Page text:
Yamaha Outdoors Tips — Access is Important to Hunters
By Bob Humphrey
Numerous studies and opinion polls have come to the same conclusions: among the most significant threats to the future of hunting, and the most common reason cited for why people quit the sport is lack of access to quality hunting ground. That may be true in some instances, but far too often folks there’s land out there for those willing to put forth the effort to find it.
Many federal lands such as National Wildlife Refuges, National Forests and Bureau of Land Management properties are open to hunting. In some cases a permit and a small access fee are required. You can circumvent the access fee on refuges by purchasing a federal migratory waterfowl stamp. The type of access also varies, on a case by case basis. Some areas allow only walk-in access while others permit the use of ATVs. In the latter case, access is typically restricted to existing trails and roads. Much the same is true for state lands like wildlife management areas and state forests.
Many hunters stop looking there, which is a mistake. There’s plenty of huntable public land below the state level. Often counties and individual municipalities own land, which makes it public property. They don’t necessarily advertise or encourage access, but it’s available for those who seek it out. That may mean a trip to the county seat or town hall to review plat maps. But because far fewer folks do this, you may find less hunting pressure.
While you’re at your town hall you may want to do further investigation into other types of property where public hunting access is permitted. Often federal, state or municipal governments or agencies purchase easements on private or commercially-owned land. An example of the latter may be public utilities like power companies that maintain land for transmission lines or hydropower projects. They also purchase development rights in order to keep the land as open space. If any public funds are used to do so, the land should be available for public access, even if it is still privately owned.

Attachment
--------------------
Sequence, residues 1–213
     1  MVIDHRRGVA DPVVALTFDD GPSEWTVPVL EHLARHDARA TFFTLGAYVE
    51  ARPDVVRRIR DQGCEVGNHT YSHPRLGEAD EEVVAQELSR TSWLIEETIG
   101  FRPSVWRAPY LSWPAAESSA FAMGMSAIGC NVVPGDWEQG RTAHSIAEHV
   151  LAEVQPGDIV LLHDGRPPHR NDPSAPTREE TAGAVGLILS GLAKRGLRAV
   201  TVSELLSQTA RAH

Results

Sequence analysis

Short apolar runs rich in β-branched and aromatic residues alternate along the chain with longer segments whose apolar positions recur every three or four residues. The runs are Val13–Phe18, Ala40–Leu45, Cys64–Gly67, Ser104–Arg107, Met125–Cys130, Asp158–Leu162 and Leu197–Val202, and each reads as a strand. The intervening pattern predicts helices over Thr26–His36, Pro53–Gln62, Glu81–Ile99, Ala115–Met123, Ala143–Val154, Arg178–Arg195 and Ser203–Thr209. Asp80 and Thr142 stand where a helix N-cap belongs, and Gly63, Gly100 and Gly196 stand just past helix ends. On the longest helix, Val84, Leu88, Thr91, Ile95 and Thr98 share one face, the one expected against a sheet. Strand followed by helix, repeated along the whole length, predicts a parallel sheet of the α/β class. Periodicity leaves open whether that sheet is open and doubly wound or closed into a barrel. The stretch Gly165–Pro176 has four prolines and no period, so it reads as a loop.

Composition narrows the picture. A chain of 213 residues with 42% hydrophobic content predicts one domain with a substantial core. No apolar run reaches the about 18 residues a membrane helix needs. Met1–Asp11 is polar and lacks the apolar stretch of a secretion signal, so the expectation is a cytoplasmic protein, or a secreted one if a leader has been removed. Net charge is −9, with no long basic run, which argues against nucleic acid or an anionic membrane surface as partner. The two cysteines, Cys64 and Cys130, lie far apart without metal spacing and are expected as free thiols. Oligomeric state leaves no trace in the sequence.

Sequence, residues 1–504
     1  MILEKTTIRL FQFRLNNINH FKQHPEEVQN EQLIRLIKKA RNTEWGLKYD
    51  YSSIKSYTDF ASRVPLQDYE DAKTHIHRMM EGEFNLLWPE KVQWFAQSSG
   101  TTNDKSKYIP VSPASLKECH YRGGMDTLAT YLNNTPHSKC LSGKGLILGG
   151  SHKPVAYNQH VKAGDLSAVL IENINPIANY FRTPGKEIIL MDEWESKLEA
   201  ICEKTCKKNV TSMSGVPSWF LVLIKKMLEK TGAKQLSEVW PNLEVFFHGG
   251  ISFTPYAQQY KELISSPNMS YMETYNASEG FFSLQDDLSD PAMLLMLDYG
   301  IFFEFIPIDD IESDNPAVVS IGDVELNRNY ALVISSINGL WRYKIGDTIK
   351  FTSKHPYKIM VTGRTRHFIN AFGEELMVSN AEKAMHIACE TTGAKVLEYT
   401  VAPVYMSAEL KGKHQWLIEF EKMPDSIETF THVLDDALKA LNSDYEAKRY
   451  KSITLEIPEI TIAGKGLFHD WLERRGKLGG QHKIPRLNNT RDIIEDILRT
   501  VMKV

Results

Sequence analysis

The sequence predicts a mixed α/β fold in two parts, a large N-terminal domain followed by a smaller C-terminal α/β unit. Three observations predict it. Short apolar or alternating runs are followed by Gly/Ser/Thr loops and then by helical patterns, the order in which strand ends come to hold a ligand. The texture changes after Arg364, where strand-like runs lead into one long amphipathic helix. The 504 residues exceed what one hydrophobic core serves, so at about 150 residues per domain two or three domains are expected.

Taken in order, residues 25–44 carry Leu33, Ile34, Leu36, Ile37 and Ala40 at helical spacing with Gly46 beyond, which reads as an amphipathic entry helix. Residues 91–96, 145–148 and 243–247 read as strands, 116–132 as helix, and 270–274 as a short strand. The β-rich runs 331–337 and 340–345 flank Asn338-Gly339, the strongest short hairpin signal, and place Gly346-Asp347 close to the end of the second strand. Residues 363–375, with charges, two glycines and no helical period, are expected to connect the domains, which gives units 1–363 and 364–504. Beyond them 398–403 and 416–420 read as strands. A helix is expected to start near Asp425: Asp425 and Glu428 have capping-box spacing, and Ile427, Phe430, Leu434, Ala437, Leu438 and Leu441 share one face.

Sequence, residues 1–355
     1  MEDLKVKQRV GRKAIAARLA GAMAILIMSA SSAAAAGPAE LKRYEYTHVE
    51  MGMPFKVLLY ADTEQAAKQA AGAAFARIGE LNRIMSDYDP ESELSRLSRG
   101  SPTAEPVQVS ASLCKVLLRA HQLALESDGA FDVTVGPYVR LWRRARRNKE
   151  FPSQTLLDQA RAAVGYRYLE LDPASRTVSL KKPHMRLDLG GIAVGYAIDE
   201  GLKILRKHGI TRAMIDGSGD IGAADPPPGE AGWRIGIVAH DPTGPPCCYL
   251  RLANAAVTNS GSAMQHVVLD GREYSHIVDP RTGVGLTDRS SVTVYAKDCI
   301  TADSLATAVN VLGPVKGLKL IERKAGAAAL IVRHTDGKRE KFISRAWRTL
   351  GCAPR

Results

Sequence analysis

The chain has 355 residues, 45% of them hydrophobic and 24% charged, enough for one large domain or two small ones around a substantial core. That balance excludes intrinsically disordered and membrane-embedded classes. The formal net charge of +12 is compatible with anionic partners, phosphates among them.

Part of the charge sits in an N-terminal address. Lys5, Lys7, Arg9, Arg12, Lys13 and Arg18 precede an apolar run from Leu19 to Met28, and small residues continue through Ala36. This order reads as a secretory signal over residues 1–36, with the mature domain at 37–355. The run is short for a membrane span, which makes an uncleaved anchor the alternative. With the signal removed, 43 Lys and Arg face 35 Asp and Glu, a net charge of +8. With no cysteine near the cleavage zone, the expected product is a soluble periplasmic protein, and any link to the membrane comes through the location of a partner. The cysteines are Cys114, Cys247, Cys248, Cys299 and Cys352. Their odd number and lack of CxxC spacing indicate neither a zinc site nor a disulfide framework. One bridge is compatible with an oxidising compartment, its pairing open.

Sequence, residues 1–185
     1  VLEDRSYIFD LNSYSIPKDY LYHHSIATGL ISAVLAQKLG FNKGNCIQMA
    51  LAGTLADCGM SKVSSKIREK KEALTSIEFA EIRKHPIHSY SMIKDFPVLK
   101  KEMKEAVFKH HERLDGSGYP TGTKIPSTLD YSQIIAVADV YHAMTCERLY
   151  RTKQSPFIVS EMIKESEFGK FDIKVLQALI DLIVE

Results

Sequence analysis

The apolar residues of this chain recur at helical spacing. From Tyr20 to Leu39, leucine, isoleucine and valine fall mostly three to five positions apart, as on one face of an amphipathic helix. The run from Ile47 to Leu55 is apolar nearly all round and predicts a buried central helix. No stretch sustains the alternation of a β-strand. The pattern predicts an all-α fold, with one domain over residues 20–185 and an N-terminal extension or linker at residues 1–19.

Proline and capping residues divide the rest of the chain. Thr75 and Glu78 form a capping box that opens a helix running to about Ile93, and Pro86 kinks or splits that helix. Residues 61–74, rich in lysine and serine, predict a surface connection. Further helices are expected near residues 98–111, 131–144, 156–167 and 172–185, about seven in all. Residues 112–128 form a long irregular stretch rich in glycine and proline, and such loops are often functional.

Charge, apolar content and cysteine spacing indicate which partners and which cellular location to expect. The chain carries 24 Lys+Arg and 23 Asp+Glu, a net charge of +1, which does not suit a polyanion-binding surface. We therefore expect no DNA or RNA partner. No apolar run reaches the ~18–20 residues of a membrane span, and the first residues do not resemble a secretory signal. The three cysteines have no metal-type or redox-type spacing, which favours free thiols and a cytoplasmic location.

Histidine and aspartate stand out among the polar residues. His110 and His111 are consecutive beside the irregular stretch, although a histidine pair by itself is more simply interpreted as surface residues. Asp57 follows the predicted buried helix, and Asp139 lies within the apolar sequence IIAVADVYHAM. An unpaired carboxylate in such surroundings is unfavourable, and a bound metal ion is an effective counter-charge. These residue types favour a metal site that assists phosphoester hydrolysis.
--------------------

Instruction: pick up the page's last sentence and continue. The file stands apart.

Land trusts do much the same, buying development rights or easements to preserve open space. Here again, if any public funds are used, the land should be open for public access. Sometimes even when funding is private, the land may still be open for certain uses.
More than a dozen states have programs designed to increase public access to private lands. California started theirs as a pilot in 1979 and now has 854,000 acres of land enrolled. Some, like Colorado’s and Illinois’ require a small fee. Others, like those in Idaho, Kansas and Montana, which has over 8 million acres enrolled, are paid for through license fees or habitat stamp sales.
Outdoor Life recently partnered with Yamaha and the Rocky Mountain Elk Foundation to launch their Open Country initiative. The program highlights volunteer-driven efforts to improve access on private land and improve habitat on public lands. The end result will be more and better hunting opportunities for present and future hunters.